OBITUARIES: LaCasse, Teasdale

Francis O. LaCasse (1919 – 2016)

HUDSON—Francis O. LaCasse, 97, of Ancram passed away Sunday, September 11, 2016 at Columbia Memorial Hospital.

He was born March 16, 1919 in Shelburne, VT, the son of the late Oliver and Nora (Blair) LaCasse.

Along with his late wife, Anne, Mr. LaCasse owned and operated Blue Bell Farm in Ancram. As the farm operator he received numerous quality control awards for milk production during his career.

Mr. LaCasse was a veteran of World War II. He served with the United States Army, 751st tank battalion. He served during the Tunisian Campaign and the Italian Campaign in the invasion of Salerno. Mr. LaCasse received numerous medals for his service, including two Bronze Stars and the Silver Star. He was a member of the American Legion Post in Copake Falls.

Survivors include: his two sons, James LaCasse of Ancram and Stephen LaCasse of Valatie. He also leaves a sister, Katherine; a brother, Albert along with several nieces and nephews.

Friends are invited and may call Thursday, September 15, 2016 from 2 to 4 p.m. at the Peck and Peck Funeral Home, 8063 State Route 22 in Copake.

Interment with military honors will be held Friday, September 16, 2016, 11 a.m. at the Gerald B.H. Solomon National Cemetery in Schuylerville.

Memorial contributions may be made to a charity or organization of one’s choice.

To send an online condolence visit

Phyllis D. Teasdale (1922 – 2016)

MILLBROOK—Phyllis Davison Teasdale died Saturday, September 10, at her home at The Fountains following a brief illness. She was 93 years old.

Born November 3, 1922 in Poughkeepsie, the daughter of Dr. Chester O. and Mary Jeanette “Jean” (Watts) Davison, Mrs. Teasdale was a lifelong Poughkeepsie resident, a teacher in the Arlington School District, at Dutchess Community College, SUNY New Paltz and Vassar College, a world traveler and a prolific poet of rhyming verse.

She graduated from Arlington High School in 1939 and from Vassar College in 1943 with a bachelor’s degree in Spanish language and literature. In 1941 and 1943 she studied at the University of Mexico. She later studied at Columbia University Teachers College and the University of Madrid. She earned her master’s degree from Vassar in 1967.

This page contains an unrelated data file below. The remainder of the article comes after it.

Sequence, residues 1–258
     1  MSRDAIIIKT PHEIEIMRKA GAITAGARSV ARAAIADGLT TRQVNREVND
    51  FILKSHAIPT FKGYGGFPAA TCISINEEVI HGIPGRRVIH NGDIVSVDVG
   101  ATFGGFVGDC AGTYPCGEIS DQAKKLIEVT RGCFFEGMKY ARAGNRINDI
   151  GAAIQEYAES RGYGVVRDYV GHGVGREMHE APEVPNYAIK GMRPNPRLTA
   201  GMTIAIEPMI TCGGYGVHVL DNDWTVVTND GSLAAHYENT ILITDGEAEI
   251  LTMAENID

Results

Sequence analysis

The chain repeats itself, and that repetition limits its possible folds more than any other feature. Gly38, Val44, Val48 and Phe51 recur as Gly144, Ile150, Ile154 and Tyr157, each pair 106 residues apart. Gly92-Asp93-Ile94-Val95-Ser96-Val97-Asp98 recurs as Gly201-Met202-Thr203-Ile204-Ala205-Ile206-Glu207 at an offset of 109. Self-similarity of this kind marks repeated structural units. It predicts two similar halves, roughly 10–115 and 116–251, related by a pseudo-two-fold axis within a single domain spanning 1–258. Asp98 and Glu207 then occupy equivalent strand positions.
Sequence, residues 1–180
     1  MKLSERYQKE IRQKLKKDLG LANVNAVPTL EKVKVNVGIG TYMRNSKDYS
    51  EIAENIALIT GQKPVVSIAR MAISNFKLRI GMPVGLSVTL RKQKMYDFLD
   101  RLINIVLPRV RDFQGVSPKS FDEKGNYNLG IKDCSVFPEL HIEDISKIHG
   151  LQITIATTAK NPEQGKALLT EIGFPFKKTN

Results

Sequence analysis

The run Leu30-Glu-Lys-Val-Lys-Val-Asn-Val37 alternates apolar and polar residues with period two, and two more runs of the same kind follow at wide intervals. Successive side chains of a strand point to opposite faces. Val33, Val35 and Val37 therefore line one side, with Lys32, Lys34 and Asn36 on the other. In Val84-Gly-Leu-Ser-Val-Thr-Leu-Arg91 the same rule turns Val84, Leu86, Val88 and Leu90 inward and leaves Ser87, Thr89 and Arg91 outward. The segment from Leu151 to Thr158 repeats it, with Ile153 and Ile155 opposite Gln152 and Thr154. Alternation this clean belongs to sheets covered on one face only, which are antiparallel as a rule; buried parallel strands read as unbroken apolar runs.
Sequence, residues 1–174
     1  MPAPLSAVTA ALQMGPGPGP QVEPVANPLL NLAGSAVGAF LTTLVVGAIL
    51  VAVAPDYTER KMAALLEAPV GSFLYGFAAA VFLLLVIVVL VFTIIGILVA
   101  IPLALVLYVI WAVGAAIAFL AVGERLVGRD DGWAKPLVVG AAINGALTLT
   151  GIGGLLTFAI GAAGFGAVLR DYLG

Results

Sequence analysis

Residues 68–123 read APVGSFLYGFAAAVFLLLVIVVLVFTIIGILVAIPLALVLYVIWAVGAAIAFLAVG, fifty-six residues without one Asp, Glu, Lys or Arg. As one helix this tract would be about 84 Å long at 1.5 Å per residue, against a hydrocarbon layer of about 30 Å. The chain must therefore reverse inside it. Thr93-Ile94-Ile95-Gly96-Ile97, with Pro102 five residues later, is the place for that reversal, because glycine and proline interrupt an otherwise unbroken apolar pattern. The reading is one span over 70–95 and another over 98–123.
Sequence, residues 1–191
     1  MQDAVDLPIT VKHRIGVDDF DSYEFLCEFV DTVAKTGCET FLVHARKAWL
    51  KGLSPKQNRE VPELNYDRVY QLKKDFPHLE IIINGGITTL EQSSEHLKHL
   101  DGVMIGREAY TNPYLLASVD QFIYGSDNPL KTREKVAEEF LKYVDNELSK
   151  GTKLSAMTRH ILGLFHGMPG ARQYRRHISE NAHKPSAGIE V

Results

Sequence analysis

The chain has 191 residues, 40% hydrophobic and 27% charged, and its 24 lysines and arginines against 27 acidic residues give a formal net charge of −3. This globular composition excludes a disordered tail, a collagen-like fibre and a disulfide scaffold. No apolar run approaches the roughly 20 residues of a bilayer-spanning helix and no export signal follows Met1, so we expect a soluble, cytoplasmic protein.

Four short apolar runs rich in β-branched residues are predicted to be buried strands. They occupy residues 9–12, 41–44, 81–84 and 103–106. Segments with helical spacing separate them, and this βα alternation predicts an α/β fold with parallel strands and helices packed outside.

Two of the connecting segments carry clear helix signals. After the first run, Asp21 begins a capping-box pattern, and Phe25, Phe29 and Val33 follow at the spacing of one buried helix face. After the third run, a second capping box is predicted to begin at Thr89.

Between 1943 and 1958 she taught Spanish to adults in the Arlington and Poughkeepsie districts and in 1957 she inaugurated FLES foreign language program at the Raymond Avenue Elementary School. In 1961 she began what became a 20-year career teaching Spanish at the Arlington Junior and Senior High Schools. Her tenure at Arlington coincided with the introduction of “language lab” audio equipment for use in junior high classes. For some of her younger students the novelty of earphones and microphones provided opportunities for mischief, although “Señora Teasdale,” as students knew her, managed to keep most of her charges focused on the task of learning a second language.

Mrs. Teasdale was an active member of the AAUW, Junior League and the First Congregational Church United Church of Christ Poughkeepsie, and was a volunteer guide at Frances Lehman Loeb Art Center at Vassar College. Also she served as a volunteer translator for Spanish-speaking defendants held in the Dutchess County Jail.

In 1944 she married Maj. John Moffett Teasdale in Poughkeepsie. He died in 1973.

She is survived by: a daughter, Holly Teasdale Brunelli of Raymond, NH; two sons, Parry Teasdale (Carol Vontobel) of Chatham and Christopher Teasdale (Katy Roberts) of Califon, NJ; six grandchildren, Sarah Teasdale (Pedro Poitevin) of Salem, MA, Emilia Teasdale (Fred Ulrich) of Valatie and Chloe Teasdale (Peter Mustalish) of Hastings-on-Hudson, and 10 great-grandchildren. Her sister, Katherine Jean Davison Moore, died previously.

After retiring from teaching she traveled frequently, eventually visiting at least 25 different countries on five continents. At home she participated in 2010 in the Casperkill Watershed Oral History Project, an initiative of the Vassar College Environmental Research Institute and Environmental Studies Program. The interview with her and Chris Teasdale is online at .

She also wrote original poems for public occasions and private events, like birthdays and holiday gatherings. The verse, which she could sometimes recite from memory as her eyesight failed in later years, was specific to the topic and accessible to all listeners. Among her notes was one typical example:

Arthur-itis, Rheumatiz

– no matter what your ailment is –

hiccups, rashes, flashes-hot

be glad for what you haven’t got!

At her direction there will be a “Celebration of Life” memorial service on a date as yet undetermined. Donations in her memory can be sent to Planned Parenthood.

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